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  • Overview
  • Immediate Relatives
  • Preference Relatives


    Family-Based Immigration

    Preference Relatives of USC/LPR

    Unlike the immediate relative category, the preference family-based immigration categories generally have annual numerical limitations on the immigrant visa issued. Whenever there are more qualified applicants for a category than there are available visa numbers, the category will be considered oversubscribed, and immigrant visas will be issued in the chronological order in which the petitions were filed until the visa number is current. The filing date of a petition becomes the applicant's priority date. The applicant cannot apply for permanent residence until his or her priority date is reached, which may take several years for certain heavily oversubscribed categories.

    The family-based preference categories are as follows:

    Family First Preference: Unmarried sons or daughters (21 or older) of U.S. citizens
    Family Second Preference: Spouses, unmarried sons or daughters of lawful permanent
    Residents (LPR);
    Family Third Preference: Married sons or daughters of U.S. citizens;
    Family Fourth Preference: Brothers or sisters of U.S. citizens, if such citizens are at least
    21 years of age.
    Derivative Beneficiaries: Unlike immediate relatives, the spouse or child of the
    principal alien under the family-based preferences is entitled
    to the same status and order of consideration, if
    accompanying or following to join the spouse or parent.

    The Visa Bulletin, which is released each month by the U.S. State Department, provides the cut-off dates in each of the preference categories outlined above.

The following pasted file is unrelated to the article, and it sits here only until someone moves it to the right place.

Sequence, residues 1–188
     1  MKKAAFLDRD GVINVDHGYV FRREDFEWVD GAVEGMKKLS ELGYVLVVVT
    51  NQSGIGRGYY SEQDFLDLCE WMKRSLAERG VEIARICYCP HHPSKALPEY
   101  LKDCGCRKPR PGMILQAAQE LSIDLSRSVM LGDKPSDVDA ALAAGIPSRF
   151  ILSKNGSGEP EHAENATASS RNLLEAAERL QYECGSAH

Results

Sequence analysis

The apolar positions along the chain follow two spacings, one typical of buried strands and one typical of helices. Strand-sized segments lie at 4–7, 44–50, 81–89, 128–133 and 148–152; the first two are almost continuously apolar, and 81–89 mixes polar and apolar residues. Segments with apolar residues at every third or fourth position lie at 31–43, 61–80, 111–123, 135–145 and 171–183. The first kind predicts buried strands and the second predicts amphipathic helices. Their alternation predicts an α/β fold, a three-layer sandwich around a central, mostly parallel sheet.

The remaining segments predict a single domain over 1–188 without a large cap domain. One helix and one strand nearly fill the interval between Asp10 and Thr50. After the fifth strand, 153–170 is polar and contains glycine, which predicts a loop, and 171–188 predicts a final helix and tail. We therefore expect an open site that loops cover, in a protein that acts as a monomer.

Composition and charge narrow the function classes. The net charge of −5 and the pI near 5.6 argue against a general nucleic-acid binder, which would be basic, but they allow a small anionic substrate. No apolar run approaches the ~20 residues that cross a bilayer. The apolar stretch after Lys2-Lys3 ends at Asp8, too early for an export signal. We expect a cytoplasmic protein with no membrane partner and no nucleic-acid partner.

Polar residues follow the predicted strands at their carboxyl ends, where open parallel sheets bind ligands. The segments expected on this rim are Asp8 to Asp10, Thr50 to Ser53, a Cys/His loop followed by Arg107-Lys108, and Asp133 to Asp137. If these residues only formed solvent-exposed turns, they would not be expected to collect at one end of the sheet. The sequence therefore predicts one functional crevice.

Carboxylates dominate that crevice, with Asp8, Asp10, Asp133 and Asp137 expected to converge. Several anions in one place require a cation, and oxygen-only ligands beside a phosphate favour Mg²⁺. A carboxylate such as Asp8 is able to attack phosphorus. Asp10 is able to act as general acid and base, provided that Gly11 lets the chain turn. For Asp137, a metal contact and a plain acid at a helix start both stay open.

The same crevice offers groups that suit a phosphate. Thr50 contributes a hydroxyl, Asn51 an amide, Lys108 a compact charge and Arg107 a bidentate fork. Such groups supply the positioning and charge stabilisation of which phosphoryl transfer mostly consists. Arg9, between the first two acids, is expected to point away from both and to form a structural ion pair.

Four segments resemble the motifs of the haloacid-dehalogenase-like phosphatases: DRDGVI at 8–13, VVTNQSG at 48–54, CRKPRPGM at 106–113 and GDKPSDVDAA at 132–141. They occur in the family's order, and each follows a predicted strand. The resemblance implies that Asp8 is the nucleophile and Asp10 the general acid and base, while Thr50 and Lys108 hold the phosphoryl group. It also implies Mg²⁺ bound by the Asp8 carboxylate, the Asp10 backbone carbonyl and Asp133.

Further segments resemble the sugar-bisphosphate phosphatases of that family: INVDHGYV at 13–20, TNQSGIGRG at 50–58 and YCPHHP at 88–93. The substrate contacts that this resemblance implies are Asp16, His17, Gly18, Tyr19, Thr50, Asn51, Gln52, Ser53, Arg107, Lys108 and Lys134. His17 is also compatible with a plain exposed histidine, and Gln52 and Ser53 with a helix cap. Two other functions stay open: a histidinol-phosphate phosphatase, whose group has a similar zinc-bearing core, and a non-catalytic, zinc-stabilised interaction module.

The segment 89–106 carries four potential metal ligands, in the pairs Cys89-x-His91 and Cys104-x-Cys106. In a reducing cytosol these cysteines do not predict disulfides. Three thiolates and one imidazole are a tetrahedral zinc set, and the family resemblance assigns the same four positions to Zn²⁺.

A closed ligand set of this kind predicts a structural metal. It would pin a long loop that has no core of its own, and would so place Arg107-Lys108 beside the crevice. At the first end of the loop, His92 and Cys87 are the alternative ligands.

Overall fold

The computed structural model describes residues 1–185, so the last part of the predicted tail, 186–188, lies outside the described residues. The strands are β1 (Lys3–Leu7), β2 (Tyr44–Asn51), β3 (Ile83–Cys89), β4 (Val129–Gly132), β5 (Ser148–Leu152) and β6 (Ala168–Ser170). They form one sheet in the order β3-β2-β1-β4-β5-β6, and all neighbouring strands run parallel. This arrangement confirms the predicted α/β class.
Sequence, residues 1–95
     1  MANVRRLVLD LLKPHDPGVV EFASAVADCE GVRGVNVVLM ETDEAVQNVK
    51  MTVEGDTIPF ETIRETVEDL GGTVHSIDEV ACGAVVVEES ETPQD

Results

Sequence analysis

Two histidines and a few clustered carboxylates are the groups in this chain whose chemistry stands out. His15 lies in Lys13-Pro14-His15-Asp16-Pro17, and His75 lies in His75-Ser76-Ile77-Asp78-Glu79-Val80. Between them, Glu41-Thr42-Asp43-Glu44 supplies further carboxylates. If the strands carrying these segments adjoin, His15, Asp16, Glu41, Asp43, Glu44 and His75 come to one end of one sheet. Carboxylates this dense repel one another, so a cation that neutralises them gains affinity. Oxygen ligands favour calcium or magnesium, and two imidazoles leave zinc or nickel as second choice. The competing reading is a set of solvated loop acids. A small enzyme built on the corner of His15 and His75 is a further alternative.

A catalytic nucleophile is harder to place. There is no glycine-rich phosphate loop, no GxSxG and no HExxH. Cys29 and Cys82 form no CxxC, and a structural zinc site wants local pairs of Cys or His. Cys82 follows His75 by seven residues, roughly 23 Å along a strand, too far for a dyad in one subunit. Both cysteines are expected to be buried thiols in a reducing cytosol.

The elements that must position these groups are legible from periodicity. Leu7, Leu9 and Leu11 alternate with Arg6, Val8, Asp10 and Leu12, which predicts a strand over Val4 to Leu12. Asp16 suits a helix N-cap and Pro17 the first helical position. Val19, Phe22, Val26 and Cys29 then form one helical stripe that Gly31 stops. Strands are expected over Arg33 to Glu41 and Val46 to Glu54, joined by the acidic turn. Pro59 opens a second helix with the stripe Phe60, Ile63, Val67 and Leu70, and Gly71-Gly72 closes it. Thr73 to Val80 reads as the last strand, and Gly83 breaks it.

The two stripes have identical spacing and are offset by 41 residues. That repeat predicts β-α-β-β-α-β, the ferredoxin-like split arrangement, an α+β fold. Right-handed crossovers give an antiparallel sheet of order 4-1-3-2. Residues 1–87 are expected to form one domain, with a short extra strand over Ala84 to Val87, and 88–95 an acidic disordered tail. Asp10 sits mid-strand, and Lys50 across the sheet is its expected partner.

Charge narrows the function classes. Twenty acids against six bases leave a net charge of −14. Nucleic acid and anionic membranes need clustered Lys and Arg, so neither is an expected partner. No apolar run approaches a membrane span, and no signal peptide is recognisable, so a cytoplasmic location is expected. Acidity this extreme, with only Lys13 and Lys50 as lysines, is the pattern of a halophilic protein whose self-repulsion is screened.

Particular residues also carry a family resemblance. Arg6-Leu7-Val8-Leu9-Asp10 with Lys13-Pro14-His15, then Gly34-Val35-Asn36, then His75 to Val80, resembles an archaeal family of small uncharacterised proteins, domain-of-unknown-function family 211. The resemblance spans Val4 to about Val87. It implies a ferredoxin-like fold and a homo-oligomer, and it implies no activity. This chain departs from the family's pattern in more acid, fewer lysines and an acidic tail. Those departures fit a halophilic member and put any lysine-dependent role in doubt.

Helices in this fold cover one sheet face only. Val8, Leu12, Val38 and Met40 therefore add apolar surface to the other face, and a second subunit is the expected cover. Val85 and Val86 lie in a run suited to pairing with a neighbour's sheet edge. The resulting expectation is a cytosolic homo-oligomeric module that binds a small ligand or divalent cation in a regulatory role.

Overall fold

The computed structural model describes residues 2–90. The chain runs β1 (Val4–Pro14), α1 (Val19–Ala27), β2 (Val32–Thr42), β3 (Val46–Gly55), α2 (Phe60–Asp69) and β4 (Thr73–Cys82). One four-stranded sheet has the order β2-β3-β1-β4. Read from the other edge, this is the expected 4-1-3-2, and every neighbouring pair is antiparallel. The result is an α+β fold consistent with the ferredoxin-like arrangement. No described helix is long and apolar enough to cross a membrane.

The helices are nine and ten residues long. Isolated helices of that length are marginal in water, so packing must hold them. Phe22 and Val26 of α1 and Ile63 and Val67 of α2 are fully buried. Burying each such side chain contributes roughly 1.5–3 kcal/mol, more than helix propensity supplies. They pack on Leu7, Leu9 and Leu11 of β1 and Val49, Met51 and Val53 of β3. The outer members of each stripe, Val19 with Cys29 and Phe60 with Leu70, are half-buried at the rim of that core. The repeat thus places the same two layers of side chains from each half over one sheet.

Application Procedures for Preference Relatives

    Adjustment of Status
    For permanent residence applications based on marriage to a LPR or the other family relationships included in the four preference categories, where the foreign relative is in the United States, the foreign relative may apply for permanent residence within the United States through a process called Adjustment of Status. To begin this process, the USC or LPR sponsor submits an immigrant visa petition on Form I-130 to the local U.S. Citizenship & Immigration Services (USCIS) office having jurisdiction over the foreign relatives’ place of residence. As described above, the filing date of a petition becomes the applicants’ priority date. The foreign relative cannot apply for permanent residence until his or her priority date is current, which may take several years for certain heavily oversubscribed categories. Where the Form I-130 was filed before December 21, 2000, a foreign spouse or unmarried minor children of a lawful permanent resident may be eligible for a V visa to await the availability of permanent residence.